HTC Droid Eris smartphone
If you can live without a hardware keyboard, the HTC Droid Eris is an affordable and feature-packed alternative to the Motorola Droid
- Direct outlook synchronisation, bright and sharp display
- Ships with Android 1.5 instead of 2.0, front panel softkeys difficult to find
If you can live without a hardware keyboard, the HTC Droid Eris is an affordable and feature-packed alternative to the Motorola Droid.
We're yet to get our hands on the HTC Droid Eris smartphone, but here are the impressions of our North American colleagues.
The HTC Droid Eris marks the second in Verizon Wireless's parade of the Droids. Also due this week from Verizon, the Droid Eris shares the Droid moniker and many features of competing Android phones, but it also adds some touches that improve the experience for business users.
The Droid Eris touchscreen handset (a CDMA version of the HTC Hero) has dimensions similar to, and much of the same functionality as, the T-Mobile myTouch 3G GSM unit, also made by HTC. Side by side, the first thing that jumps out is the Eris's brighter, sharper-looking display. While both handsets have a 3.2-inch, 480-by-320 pixel screen, the Droid Eris supports 262,000 colors while the myTouch 3G has just 65,000 colours.
Unlike the myTouch 3G, which has six hardware keys on the front plus a roller mouse button, the Eris replaces the top four buttons (Home, Menu, Back, and Search) with embedded softkeys. In practice, the four software keys were usable, but not as easy to activate as their hardware counterparts. I've found the myTouch 3G's real Send and End buttons and roller mouse (which glows if you have an incoming text message or other notification) more useful than the Droid Eris's softkeys when fumbling around in the dark. (The Motorola Droid lacks any front-panel hardware buttons.)
The Droid Eris has a 528MHz Qualcomm MSM 7600 CPU, while the myTouch 3G has a 528MHz Qualcomm MSM 7201A chip. The Eris has a 5.0-megapixel camera (up from a 3.2-megapixel camera), Wi-Fi, and Bluetooth 2.0; includes a GPS receiver; and supports the 800MHz and 1900MHz bands on the Verizon Wireless network. It also has a standard headset jack, something the myTouch 3G lacks.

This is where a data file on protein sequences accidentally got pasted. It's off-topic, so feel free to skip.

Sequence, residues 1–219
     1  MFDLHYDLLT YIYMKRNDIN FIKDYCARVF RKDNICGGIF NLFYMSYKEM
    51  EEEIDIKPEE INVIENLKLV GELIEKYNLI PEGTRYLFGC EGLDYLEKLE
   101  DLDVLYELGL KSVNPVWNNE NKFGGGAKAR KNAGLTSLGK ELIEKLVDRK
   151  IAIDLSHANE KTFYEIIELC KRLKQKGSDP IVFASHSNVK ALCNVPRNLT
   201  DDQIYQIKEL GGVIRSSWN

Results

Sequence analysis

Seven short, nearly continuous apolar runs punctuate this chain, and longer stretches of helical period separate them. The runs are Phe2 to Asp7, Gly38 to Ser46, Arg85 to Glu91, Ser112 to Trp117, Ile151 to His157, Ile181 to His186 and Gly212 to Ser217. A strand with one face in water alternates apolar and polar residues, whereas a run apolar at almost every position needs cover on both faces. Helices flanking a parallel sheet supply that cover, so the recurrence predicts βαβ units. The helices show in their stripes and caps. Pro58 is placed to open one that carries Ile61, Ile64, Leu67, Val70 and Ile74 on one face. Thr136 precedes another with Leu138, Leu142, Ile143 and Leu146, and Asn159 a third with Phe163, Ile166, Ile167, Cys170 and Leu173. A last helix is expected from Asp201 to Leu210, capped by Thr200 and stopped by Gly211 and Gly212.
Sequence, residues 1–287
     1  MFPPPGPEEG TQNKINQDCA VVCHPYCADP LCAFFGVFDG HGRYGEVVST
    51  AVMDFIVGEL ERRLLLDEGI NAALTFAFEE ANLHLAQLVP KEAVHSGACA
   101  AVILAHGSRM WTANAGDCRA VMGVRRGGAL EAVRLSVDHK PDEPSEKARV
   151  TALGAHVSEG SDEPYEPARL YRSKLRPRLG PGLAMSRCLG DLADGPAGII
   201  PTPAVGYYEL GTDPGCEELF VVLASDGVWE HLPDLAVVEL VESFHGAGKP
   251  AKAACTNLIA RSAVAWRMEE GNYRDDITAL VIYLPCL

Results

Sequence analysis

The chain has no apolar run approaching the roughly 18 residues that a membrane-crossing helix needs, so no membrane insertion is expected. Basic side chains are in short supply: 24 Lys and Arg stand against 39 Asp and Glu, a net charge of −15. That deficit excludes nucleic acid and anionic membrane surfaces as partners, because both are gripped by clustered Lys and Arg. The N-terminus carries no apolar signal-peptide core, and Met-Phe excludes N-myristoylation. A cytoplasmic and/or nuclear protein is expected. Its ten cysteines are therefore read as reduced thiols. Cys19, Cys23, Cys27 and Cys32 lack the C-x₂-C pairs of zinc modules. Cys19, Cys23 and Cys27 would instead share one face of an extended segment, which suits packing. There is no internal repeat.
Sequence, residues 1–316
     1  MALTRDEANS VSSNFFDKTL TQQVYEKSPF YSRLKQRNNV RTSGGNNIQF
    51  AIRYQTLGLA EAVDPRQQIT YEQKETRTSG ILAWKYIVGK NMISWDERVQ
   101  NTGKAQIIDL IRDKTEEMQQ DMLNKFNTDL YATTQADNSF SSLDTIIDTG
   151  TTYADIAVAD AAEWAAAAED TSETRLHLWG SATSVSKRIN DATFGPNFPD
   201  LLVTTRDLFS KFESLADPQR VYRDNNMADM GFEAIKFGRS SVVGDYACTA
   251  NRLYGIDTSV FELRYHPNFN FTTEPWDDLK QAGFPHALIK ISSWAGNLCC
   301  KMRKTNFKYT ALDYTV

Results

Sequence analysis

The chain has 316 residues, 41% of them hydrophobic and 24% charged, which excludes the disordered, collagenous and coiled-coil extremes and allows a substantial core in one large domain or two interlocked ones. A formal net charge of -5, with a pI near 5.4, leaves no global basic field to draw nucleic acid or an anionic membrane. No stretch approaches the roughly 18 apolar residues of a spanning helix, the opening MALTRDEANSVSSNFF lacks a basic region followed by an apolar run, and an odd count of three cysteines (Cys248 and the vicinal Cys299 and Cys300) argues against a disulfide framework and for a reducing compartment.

Under the hood is the Android 1.5 operating system, not the Android 1.6 (Donut) update or Android 2.0 (on the Motorola Droid). (T-Mobile has already pushed out the Donut update to its G1 and myTouch 3G customers.) However, some of the improvements tossed in with Donut are in the Eris anyway. For example, the updated Google Maps application, which includes transit directions, comes with the phone; and the video and still cameras are accessible through the same interface, as is the case with Android 1.6. Not present here is the Google Maps Navigation turn-by-turn application that comes with Android 2.0.
Android Marketplace, from which you can find hundreds of independently developed applications for the phone, uses the Android 1.5 version in the Droid Eris. This version unfortunately doesn't support thumbnail images of the apps. A Verizon Wireless spokesman says the Droid Eris phone will be receiving Android updates at some point in the future.
What sets the Droid Eris apart is how it caters to business users. For example, it allows direct calendar and contact synchronisation with Microsoft Outlook. This means that, unlike Google-branded Android phones, you don't have to sync your data with your online Google account first before downloading it to the phone--a boon for users. Also, Verizon has preinstalled an Adobe PDF file viewer, a link to Verizon's Visual Voicemail, a "Stocks" link to financial market information from Yahoo Finance, and support for Microsoft Exchange corporate e-mail.